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For me, Shabbat’s the real toughie

Releasing control and recognizing that the world can and will run without her: that's the big challenge

The biggest complaint I hear is that people lack self esteem. They don’t think they can do it. They just don’t try hard enough. They are worried they will fail. Me, I have the opposite problem. I am a total workaholic. I can be a real perfectionist. I am always striving to do more, begin another project, make a difference. It is not that I think I am so great or so talented, but perhaps my issue is a reverse insecurity. Rather than thinking I can’t do something, I maybe fear that if I don’t, if I don’t have something to show for myself, then what? Then who am I?

It is a common theme in my life. When I do I don’t need to think. Doing is an all around great excuse. When you are so busy, working so hard, no one questions you. And then it is a lot easier not to question yourself.

So as we get ready to hear the big 10 this coming week, those all-inclusive commandments we must abide by, I know which one is my greatest challenge. Most definitely it is “Keep Shabbat.”

On the most practical level, I am always late when it comes to lighting my Shabbat candles. I almost miss Shabbat each and every week. And even when it comes in, I have a hard time letting go. And all too often, as much as I love it, I wait for it to end. I wait for it to go so I can “do” something real. Accomplish something. Work.

Letting go. Releasing control. Recognizing that the world can and will run without me, is definitely my challenge. For if it can, if it does, then how do I justify what I do during the week? I so easily get caught up in the details. I have to answer that email. I have to take that urgent phone call. The article must get edited. The caption must be fixed. But seriously. Who am I kidding? I am not a surgeon. No life is on the line and waiting for my expertise. And if I don’t complete my “to do” list, will the world come to an end? No. It simply won’t. Life will go on. Ultimately, I am replaceable.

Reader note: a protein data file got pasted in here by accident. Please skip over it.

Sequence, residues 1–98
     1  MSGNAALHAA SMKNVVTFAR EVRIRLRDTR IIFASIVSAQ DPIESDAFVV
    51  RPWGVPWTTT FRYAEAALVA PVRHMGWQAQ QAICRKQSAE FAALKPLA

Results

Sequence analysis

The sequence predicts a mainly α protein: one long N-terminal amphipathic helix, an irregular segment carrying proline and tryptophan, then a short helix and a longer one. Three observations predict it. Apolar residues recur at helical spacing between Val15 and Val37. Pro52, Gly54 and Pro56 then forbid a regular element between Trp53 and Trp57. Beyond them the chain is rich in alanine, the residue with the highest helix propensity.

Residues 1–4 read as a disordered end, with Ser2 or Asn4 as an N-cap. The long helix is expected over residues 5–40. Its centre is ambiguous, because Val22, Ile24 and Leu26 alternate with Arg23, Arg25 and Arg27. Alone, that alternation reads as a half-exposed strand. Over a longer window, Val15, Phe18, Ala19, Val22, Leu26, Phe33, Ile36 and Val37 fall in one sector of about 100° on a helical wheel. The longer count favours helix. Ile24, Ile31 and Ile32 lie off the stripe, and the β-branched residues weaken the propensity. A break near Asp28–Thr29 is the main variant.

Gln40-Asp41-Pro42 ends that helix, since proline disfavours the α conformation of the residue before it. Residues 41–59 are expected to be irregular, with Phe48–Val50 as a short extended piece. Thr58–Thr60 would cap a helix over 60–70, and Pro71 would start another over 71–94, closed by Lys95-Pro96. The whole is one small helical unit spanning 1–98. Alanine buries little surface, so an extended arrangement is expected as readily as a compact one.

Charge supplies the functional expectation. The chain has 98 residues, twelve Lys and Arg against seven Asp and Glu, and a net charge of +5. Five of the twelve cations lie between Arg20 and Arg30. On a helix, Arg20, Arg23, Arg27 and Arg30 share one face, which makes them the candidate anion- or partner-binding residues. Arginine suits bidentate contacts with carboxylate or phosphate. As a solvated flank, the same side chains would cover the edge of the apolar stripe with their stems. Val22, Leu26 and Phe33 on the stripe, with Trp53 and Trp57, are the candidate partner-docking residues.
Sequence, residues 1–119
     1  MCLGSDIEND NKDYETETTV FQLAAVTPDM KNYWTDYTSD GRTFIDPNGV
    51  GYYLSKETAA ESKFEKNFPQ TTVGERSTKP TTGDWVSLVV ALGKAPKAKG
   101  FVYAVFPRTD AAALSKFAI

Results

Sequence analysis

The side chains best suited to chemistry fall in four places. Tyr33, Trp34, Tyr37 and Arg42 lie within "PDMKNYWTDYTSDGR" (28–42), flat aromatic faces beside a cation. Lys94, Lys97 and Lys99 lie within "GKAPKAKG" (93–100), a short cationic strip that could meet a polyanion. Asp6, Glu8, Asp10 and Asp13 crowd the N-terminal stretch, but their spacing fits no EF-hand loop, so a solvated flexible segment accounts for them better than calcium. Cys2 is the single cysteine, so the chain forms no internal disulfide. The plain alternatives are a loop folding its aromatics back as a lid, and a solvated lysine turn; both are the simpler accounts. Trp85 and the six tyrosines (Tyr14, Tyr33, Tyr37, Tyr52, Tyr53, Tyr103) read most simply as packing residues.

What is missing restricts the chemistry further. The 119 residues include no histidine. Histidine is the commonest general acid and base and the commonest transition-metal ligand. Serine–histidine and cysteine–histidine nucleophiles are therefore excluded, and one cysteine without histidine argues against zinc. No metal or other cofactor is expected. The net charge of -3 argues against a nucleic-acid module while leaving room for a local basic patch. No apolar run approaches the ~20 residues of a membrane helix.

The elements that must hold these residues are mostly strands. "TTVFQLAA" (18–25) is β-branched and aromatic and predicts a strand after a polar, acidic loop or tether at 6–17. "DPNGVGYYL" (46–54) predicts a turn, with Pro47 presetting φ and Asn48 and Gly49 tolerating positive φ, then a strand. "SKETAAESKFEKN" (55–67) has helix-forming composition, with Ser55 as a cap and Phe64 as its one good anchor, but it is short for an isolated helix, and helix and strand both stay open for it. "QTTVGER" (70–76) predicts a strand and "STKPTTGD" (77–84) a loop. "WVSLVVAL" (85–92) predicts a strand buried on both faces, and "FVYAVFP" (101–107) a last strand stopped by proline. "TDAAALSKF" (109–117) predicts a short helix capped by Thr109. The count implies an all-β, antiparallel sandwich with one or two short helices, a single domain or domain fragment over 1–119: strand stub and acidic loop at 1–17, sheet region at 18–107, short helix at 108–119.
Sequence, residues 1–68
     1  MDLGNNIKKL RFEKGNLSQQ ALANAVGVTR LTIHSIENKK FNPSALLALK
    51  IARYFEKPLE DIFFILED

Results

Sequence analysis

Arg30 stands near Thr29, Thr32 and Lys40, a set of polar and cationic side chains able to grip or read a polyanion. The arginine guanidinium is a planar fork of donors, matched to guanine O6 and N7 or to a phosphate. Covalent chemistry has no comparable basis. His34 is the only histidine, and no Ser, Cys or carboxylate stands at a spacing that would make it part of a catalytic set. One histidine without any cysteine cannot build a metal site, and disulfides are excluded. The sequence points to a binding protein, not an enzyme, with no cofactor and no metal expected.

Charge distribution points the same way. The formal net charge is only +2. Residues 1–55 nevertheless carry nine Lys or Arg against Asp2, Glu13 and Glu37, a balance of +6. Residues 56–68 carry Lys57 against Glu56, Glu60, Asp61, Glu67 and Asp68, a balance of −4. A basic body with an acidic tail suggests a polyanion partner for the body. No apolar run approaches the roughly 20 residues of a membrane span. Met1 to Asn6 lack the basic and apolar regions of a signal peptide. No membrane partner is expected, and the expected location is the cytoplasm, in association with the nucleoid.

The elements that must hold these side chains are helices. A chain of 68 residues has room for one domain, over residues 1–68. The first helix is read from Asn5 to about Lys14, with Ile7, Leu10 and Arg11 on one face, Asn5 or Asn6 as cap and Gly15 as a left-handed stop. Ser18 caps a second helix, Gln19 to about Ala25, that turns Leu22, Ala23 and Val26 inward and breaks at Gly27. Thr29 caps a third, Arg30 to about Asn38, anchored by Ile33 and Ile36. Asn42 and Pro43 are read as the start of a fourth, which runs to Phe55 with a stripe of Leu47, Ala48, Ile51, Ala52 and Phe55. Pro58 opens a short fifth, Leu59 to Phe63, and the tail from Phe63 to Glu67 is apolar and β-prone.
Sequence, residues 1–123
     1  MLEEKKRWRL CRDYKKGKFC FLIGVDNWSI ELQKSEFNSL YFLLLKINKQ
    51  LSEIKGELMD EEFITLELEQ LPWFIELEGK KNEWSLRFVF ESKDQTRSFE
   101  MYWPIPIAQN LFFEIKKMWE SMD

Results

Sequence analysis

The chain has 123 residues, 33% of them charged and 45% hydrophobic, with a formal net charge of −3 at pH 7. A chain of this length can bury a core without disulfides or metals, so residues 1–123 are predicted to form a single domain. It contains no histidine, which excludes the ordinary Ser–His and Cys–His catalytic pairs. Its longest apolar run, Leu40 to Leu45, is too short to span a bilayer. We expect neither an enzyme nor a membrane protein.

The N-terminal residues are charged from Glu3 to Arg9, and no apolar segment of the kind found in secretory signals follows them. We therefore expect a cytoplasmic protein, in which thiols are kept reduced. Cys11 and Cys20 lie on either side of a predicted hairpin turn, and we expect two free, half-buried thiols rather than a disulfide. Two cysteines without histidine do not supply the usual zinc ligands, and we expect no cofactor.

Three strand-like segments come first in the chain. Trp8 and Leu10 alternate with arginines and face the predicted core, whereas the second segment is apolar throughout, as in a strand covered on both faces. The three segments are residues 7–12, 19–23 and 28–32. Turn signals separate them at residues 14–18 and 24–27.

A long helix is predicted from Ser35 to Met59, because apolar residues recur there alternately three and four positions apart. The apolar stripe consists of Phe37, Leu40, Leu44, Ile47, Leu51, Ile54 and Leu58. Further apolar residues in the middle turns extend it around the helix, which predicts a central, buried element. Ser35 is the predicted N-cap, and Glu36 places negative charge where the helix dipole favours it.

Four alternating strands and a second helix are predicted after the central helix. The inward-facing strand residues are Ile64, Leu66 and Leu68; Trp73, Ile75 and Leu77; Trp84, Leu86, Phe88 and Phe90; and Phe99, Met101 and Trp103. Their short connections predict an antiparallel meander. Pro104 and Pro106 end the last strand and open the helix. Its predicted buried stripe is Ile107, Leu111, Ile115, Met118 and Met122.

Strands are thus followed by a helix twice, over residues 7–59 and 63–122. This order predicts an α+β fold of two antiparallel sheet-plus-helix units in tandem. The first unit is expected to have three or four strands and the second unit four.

And that is one of my biggest fears. That someone else can do what I do. Or even though I honestly and truly believe that no one else can do what I do, I worry that someone else can replace me anyway in my work, at my job, and no one would really notice the difference. If another speaker shows up to an event and people think she is great, then it is not vital that it be me when asked. If another writer has wittier lines, then I didn’t need to bother writing the article.

And here we go again. As hard as I try to avoid it…I need to let go. I need to lose control. And I need to focus and refocus on the areas of my life where I am irreplaceable. Where people will notice if I am not present and where no one else can fill my shoes. It is not the most glamorous place, and there are certainly no accolades or anyone singing my praises. And I guess that is why keeping Shabbat is my hardest commandment. It is not just the letting go of the control. It is not just recognizing that I don’t run this world. But understanding that my true growth and development can only come from within. After all, Shabbat is connected to Shalom Bayit, peace in the home, and that is what I need…to create peace within my home. To create peace within myself.

About the Author
Sara Esther Crispe is the Co-Director of Interinclusion.org as well as a writer and motivational speaker. She lives with her husband and four children in Merion, PA.